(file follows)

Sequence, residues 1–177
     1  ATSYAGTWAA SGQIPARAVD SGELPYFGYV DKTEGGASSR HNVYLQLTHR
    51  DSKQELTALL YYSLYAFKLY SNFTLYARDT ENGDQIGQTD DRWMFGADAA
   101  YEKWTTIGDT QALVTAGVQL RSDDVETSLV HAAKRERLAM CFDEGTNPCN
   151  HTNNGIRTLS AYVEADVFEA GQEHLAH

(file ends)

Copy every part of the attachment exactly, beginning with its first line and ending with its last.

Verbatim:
Sequence, residues 1–177
     1  ATSYAGTWAA SGQIPARAVD SGELPYFGYV DKTEGGASSR HNVYLQLTHR
    51  DSKQELTALL YYSLYAFKLY SNFTLYARDT ENGDQIGQTD DRWMFGADAA
   101  YEKWTTIGDT QALVTAGVQL RSDDVETSLV HAAKRERLAM CFDEGTNPCN
   151  HTNNGIRTLS AYVEADVFEA GQEHLAH